Twenty per cent-plus falls in Land Securities’ and British Land’s net asset value in the six months to 30 September come as no surprise.
While these are alarming figures in themselves, both of Britain’s biggest property companies have also made reassuring and detailed noises about their debt.
So far, so good.
At present – and barring a property earthquake – neither would need the money to stay solvent. Rather, by asking existing or new shareholders for £500m-£1bn or more of new equity, both could wade into the market to buy property that is now more bargain basement than cheap.
As experts from ING said this week, now is the buying opportunity ‘of the decade’, and there is no point having talented teams gawping from the sidelines as others make hay.
Any rights issues would have to be deeply discounted because there is the danger that LandSecs or British Land shares could fall further and make the offer unappealing.
At the same time, terms offered to new – Middle Eastern? – investors would have to be priced to not offend existing shareholders, repeating Barclays’ mistake.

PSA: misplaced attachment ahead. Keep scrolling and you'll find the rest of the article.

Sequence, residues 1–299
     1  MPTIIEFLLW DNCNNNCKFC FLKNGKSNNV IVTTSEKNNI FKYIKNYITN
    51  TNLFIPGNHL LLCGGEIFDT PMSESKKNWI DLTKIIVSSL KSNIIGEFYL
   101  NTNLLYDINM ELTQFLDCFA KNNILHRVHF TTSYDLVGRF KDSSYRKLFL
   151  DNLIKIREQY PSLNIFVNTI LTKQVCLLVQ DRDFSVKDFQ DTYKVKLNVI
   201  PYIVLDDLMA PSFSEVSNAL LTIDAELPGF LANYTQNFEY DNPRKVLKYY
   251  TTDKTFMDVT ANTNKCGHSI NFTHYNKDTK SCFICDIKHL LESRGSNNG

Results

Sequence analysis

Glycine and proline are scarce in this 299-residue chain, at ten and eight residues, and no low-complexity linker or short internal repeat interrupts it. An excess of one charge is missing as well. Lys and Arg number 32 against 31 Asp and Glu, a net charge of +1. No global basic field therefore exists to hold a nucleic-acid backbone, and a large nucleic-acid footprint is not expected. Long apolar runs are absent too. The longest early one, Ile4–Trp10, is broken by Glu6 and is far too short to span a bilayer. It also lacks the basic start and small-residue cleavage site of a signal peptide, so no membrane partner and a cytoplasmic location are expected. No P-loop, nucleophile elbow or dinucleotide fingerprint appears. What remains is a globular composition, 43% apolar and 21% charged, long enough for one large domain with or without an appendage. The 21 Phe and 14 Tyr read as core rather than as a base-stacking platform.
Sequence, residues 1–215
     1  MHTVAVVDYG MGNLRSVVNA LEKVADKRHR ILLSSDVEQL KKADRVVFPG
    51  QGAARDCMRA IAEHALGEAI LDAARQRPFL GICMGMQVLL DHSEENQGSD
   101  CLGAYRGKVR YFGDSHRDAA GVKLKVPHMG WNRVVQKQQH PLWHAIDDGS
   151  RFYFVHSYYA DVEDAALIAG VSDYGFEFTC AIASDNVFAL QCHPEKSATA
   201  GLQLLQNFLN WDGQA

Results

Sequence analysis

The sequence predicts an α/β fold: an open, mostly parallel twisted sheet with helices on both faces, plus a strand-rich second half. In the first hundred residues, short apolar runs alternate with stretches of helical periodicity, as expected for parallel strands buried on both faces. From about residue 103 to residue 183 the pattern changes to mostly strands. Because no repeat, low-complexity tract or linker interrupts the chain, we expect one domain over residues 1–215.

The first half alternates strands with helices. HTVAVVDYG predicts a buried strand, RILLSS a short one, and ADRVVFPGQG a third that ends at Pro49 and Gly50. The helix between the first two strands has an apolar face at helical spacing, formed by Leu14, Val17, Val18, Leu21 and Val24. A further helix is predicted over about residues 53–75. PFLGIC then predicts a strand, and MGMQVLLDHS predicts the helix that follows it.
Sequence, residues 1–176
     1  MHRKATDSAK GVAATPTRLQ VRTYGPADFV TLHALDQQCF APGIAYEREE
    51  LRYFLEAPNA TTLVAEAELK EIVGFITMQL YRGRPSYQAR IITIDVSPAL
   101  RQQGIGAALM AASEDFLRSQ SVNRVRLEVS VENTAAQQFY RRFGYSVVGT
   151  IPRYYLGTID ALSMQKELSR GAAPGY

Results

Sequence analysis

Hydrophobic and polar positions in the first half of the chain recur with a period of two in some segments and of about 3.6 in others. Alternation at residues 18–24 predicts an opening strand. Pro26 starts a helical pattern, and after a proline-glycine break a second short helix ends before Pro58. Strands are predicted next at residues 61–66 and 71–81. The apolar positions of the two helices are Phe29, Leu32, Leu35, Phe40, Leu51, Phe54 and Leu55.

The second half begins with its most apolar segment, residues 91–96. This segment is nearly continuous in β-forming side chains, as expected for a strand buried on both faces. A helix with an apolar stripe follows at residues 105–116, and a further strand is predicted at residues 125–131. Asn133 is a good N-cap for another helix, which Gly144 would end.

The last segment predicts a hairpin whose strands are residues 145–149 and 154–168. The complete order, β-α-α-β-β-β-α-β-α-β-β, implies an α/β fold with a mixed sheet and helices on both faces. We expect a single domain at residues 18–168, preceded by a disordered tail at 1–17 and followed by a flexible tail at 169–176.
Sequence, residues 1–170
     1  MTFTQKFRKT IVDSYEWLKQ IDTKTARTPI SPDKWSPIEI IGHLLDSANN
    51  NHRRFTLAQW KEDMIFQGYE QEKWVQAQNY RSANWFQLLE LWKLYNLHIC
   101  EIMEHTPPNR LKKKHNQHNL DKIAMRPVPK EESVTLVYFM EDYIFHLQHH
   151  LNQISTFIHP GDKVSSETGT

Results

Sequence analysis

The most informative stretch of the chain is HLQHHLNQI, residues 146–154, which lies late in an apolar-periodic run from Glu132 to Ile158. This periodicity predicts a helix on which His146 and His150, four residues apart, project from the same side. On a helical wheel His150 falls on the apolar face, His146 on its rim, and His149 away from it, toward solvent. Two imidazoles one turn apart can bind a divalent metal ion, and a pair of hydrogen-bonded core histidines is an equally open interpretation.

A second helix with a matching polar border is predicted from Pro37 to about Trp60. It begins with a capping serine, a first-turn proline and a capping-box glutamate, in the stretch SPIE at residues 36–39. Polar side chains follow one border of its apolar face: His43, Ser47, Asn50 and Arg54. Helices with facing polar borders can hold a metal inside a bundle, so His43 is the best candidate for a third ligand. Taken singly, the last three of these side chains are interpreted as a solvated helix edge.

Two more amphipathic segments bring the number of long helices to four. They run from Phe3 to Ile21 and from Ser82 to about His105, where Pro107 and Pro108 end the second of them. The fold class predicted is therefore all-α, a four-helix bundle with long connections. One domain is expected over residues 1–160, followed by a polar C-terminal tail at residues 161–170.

The arguments against? That rights issues would shake already-fragile confidence and could be misconstrued as a rescue move.
Go for it. Although Citi is in the mire, one of its smartest moves was to raise $50bn of equity as the credit crunch took hold.
With yields set to rise still further, raising cash to buy rock-bottom real estate, as well as shoring up the defences, would be a brave but positive move.
One intriguing footnote from the ING presentation was its recommendation of ‘dull but resilient’ industrial property.
‘Stay overweight’, ING said, reiterating that multi-let industrials are the best-performing UK property sector over the very long term.
While LandSecs and British Land wrestle with their retail- and office-dominated portfolios, industrial specialists Segro and Brixton look better placed than most in the upper echelons of the sector.